|Publication number||US7608050 B2|
|Application number||US 11/440,878|
|Publication date||27 Oct 2009|
|Filing date||25 May 2006|
|Priority date||25 May 2006|
|Also published as||CN101454640A, CN101454640B, EP2021734A1, US20070276295, WO2007140027A1|
|Publication number||11440878, 440878, US 7608050 B2, US 7608050B2, US-B2-7608050, US7608050 B2, US7608050B2|
|Inventors||Christopher John Shugg|
|Original Assignee||Telefonaktiebolaget Lm Ericsson (Publ)|
|Export Citation||BiBTeX, EndNote, RefMan|
|Patent Citations (7), Non-Patent Citations (1), Referenced by (45), Classifications (9), Legal Events (4)|
|External Links: USPTO, USPTO Assignment, Espacenet|
The present invention relates generally to a portable electronic device with an integrated motion sensor, such as a pedometer or accelerometer.
Pedometers are relatively simply devices that count the number of steps taken by a person. Pedometers are typically worn on the hip while a person walks. Some pedometers may compute the distance traveled and/or the number of calories burned while a person is walking. Pedometers promote healthy living by enabling consumers to keep track of the amount of exercise.
It is not uncommon for health-minded consumers who use pedometers to also carry one or more portable electronic devices, such as a cellular telephone, personal digital assistant, and/or audio player. Such devices may also be carried by a person while walking. Thus, a portable electronic device normally carried by the user combined with a pedometer or other activity detector would be convenient for consumers. For example, a consumer who normally carries a cell phone may find it convenient if the cell phone included a pedometer.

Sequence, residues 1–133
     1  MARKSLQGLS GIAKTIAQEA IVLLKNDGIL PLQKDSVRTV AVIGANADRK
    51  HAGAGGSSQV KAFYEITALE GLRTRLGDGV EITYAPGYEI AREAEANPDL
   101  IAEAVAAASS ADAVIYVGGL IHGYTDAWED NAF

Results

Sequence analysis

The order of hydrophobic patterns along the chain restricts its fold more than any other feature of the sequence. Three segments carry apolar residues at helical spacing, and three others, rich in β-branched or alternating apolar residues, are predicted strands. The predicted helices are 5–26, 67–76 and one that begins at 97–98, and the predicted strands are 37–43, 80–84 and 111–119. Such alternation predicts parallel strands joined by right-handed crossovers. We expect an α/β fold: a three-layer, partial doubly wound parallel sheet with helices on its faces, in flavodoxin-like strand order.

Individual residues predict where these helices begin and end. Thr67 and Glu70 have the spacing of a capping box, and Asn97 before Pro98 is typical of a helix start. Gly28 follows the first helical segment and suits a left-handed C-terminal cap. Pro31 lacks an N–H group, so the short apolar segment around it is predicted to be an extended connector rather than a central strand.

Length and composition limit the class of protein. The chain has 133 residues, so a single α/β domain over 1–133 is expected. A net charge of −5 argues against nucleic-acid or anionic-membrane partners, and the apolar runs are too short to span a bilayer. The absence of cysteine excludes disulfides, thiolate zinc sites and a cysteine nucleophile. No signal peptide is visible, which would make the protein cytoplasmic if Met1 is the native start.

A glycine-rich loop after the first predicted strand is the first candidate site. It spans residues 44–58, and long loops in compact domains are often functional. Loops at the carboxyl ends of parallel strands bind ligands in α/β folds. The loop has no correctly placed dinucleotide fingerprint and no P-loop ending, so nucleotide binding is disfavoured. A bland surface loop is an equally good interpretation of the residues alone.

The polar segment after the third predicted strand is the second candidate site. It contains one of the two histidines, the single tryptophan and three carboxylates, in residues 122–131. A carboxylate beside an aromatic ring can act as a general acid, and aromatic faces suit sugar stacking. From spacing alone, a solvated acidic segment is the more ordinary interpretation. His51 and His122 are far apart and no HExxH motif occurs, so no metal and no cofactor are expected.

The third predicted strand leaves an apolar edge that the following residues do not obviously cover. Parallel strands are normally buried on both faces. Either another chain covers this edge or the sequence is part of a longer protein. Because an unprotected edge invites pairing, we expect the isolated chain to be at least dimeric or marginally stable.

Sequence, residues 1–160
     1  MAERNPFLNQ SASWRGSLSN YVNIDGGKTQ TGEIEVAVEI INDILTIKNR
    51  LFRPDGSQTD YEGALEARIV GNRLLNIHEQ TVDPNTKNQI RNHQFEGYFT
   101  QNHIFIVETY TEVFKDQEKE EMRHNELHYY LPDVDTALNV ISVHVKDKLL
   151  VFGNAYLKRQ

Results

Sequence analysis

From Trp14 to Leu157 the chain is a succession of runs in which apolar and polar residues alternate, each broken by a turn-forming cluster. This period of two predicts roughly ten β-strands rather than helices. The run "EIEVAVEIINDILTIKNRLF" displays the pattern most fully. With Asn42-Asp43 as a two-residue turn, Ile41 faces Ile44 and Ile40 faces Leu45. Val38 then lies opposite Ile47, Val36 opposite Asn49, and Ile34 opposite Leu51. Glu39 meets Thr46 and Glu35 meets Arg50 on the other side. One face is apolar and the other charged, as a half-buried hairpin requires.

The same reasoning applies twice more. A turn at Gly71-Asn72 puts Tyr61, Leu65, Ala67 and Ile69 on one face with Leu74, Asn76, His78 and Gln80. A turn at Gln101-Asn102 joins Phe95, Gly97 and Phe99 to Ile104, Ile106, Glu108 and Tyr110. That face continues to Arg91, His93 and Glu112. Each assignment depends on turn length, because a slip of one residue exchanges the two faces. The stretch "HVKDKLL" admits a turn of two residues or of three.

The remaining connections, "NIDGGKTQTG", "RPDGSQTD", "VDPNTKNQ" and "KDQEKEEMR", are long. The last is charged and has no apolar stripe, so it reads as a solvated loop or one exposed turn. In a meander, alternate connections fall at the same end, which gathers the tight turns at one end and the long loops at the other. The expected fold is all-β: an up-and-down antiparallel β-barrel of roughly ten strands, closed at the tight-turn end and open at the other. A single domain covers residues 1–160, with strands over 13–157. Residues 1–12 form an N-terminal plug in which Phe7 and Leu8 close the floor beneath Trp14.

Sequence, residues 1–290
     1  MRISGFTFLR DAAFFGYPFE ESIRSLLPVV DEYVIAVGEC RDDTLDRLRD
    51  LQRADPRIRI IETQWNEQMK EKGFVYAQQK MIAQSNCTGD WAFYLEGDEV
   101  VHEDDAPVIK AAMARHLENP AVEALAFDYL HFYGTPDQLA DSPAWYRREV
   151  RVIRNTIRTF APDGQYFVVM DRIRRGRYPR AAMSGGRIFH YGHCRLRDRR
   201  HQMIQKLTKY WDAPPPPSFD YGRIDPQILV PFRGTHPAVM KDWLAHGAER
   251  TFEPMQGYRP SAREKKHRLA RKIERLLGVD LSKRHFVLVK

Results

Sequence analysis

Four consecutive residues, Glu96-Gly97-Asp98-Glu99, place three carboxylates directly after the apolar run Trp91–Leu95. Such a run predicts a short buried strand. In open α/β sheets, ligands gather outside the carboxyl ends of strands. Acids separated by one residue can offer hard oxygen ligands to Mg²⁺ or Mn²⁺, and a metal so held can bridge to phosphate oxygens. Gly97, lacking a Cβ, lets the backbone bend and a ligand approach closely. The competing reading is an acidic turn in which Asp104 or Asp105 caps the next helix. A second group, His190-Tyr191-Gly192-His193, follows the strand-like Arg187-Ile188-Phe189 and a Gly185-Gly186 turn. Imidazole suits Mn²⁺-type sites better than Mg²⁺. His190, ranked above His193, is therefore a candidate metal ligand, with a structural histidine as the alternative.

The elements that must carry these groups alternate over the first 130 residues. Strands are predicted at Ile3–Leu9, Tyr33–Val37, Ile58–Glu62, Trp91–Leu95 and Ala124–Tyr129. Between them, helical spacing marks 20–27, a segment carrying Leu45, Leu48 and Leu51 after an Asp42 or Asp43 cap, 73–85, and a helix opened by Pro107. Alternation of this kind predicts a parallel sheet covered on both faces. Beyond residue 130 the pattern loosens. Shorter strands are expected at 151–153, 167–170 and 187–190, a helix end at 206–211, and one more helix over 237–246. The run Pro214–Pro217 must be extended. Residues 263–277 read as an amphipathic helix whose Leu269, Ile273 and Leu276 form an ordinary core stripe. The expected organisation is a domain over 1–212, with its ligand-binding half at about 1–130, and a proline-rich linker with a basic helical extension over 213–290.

A potential problem arises when a portable electronic device including a pedometer is carried with a person while the person is riding in a vehicle. When the user is riding in a vehicle, the motion and/or acceleration of the vehicle may induce the pedometer to count false steps.
The present invention relates to a portable electronic device having a motion sensor for detecting motion or other activity detector. The motion sensor or activity detector may, for example, comprise a pedometer for counting steps taken by the user while walking. When the portable electronic device is connected to a power source, the motion sensor may be disabled to prevent detection of false steps. The motion sensor can be disabled by turning off power to the motion sensor. Alternatively, the motion sensor may be effectively disabled by commanding motion detection algorithms to ignore the output of the motion sensor while the portable electronic device is coupled to a power source.
The controller 12 may comprise one or more processors, hardware, firmware, or any combination thereof. The controller 12 controls the overall operation of the portable electronic device 10 according to programs stored in memory 14. Memory 14 includes both read-only memory (ROM) and random access memory (RAM). Programs needed for operation are stored in permanent memory, such as an erasable programmable read-only memory (EPROM) or flash memory. Random access memory may be used to store temporary data. The controller 12 executes a program referred to herein as an activity monitor 16 that monitors the physical activity of the user. The activity monitor 16 analyzes motion data from the motion sensor 40 as hereinafter described to detect physical activity and provides output to the user. For example, the activity monitor 16 may function as a pedometer to count the number of steps taken by the user while walking or running. The activity monitor 16 may also calculate the distance traveled while walking or running based on the number of steps taken, and the number of calories burned while walking or running.